Obviously I’ve left some writers out, so please fill in some of those blanks in your comments. Who are your favorite Russian authors, either ones I mentioned or didn’t mention?

Here’s a review of, and a video interview about, my new literary-trivia book Fascinating Facts About Famous Fiction Authors and the Greatest Novels of All Time.

In addition to this weekly blog, I write the award-winning “Montclairvoyant” topical-humor column for Baristanet.com, which covers Montclair, N.J., and nearby towns. The latest weekly column — set in the year 4034 AD! — is here.

Reading Gaps: Mine, and Yours?

Because of all the time I spent trying to promote my new literary-trivia book during the past six weeks, I ironically managed to read only one novel (Jorge Amado’s interesting Dona Flor and Her Two Husbands).

That’s not a good thing for a literature blogger. 🙂 Also, the near-total absence of fiction negatively affected my mood (as did the various new outrages from America’s mean-spirited Republican leaders). Novels can be fun, relaxing, exciting, educational, and/or take you to “another place.” Suddenly, for the first time since a previous reading gap a couple of decades ago, I wasn’t getting much of that.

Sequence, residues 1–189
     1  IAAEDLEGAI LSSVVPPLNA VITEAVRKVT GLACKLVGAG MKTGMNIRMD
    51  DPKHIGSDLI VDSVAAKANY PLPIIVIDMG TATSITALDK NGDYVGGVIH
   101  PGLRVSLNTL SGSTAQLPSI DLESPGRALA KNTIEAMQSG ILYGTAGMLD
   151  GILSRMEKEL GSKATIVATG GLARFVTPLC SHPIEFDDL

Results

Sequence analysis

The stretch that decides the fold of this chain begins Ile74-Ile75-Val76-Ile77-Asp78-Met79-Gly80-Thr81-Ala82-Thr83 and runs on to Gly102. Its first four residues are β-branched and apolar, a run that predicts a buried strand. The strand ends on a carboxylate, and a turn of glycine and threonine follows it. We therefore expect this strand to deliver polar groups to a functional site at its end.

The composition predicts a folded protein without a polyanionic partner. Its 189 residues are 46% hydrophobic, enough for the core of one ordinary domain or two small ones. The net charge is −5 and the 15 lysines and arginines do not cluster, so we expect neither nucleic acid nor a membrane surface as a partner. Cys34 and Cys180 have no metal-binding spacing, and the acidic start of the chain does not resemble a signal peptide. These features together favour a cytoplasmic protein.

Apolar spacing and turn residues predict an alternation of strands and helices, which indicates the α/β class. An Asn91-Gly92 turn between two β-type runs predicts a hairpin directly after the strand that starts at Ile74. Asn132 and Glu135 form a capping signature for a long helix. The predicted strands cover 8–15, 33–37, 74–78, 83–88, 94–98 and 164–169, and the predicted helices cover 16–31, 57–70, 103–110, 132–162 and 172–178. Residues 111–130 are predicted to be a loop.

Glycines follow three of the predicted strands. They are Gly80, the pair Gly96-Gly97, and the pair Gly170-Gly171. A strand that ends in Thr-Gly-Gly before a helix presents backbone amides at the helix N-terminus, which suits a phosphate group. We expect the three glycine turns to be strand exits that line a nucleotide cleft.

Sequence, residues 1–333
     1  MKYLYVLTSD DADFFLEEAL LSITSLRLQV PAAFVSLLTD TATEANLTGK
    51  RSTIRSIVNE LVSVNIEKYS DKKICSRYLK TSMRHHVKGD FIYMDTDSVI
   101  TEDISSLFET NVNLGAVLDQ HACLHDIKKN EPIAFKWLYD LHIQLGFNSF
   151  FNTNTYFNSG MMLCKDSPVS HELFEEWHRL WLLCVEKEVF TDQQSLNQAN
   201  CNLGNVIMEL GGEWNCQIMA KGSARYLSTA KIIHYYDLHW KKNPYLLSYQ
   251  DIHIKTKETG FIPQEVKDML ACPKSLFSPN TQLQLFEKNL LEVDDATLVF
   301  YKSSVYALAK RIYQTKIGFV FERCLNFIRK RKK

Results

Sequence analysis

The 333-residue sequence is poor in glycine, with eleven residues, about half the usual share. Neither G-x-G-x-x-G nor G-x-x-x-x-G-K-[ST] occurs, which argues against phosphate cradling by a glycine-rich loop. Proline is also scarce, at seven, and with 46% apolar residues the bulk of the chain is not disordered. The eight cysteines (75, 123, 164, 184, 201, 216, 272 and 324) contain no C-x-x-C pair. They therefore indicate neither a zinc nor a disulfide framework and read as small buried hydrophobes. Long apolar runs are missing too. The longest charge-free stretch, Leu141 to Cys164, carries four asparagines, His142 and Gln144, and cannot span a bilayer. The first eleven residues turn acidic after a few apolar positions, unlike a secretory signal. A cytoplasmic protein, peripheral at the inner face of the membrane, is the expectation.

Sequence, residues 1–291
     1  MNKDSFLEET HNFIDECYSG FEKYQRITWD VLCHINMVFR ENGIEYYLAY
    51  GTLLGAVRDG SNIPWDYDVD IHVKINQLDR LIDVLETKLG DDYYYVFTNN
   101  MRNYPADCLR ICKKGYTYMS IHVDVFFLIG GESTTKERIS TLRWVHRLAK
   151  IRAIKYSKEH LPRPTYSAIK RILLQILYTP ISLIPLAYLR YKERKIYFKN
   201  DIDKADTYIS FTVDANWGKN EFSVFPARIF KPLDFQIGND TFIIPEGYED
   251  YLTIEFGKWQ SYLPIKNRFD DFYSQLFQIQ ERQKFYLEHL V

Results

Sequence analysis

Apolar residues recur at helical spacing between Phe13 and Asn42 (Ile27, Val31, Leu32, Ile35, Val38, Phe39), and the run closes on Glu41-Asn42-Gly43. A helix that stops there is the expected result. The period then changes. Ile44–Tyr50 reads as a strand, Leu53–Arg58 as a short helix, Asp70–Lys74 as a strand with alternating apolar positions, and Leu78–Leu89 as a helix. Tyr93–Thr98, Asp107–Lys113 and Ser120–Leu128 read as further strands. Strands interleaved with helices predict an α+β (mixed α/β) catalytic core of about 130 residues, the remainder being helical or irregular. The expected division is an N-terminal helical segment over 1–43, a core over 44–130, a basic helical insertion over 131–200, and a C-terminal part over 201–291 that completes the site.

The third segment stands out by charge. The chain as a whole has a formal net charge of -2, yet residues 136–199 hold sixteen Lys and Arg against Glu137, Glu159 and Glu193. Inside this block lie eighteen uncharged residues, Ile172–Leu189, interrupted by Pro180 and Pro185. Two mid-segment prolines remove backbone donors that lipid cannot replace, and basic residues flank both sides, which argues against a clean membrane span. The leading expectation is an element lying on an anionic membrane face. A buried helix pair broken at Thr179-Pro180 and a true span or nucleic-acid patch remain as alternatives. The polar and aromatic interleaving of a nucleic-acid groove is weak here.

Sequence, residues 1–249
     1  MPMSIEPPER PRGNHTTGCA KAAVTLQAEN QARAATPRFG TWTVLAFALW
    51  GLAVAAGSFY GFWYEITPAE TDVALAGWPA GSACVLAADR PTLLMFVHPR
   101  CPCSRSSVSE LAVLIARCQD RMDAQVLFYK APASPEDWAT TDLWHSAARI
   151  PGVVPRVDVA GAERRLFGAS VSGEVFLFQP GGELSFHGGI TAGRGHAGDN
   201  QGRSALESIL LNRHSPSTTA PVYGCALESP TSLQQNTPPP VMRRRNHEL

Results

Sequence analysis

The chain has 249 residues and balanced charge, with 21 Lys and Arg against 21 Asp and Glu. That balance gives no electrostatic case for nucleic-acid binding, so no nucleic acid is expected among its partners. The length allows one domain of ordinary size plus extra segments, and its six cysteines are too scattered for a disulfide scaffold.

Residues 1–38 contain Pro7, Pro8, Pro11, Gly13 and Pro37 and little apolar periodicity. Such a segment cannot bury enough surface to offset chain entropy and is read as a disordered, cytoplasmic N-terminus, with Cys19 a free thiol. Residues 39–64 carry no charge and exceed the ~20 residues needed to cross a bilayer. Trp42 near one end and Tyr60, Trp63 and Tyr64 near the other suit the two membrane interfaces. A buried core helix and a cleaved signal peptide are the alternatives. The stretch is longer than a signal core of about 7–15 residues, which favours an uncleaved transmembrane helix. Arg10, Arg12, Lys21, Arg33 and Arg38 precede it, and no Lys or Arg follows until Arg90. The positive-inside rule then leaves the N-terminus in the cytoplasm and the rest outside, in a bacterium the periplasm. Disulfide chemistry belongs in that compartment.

You don’t know what you’ve got ’til it’s gone, to quote Joni Mitchell.

But I’m now getting back to reading more fiction again — starting with Fanny Burney’s 1778 novel Evelina, which I’m in the middle of. One highlight of that often-funny book is the hilarious way English and French characters fling insults at each other. But there’s also deeper stuff about a woman’s place in society, the complexity of relationships, family, country life vs. London life, and more.